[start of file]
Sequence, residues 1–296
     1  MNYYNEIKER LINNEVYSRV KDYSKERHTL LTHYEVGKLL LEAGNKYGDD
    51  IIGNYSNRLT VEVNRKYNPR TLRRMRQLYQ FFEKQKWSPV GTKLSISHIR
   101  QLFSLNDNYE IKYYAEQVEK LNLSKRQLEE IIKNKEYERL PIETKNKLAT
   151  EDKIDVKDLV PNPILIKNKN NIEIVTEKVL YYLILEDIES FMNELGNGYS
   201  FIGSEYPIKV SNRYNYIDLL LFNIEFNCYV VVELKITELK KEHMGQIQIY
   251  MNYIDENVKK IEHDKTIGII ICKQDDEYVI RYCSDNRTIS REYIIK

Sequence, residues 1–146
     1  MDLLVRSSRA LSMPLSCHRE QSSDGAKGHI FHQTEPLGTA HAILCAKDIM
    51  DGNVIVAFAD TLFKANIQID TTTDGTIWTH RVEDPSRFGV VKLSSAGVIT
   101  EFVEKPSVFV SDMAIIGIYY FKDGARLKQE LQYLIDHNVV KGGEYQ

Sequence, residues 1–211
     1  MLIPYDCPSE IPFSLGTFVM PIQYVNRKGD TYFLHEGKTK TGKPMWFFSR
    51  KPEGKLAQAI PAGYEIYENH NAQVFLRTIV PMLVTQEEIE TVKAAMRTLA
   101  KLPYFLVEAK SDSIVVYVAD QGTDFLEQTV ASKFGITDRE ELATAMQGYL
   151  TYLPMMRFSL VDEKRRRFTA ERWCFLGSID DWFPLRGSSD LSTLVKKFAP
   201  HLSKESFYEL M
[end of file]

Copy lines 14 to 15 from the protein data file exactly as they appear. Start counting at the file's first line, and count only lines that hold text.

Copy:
    51  KPEGKLAQAI PAGYEIYENH NAQVFLRTIV PMLVTQEEIE TVKAAMRTLA
   101  KLPYFLVEAK SDSIVVYVAD QGTDFLEQTV ASKFGITDRE ELATAMQGYL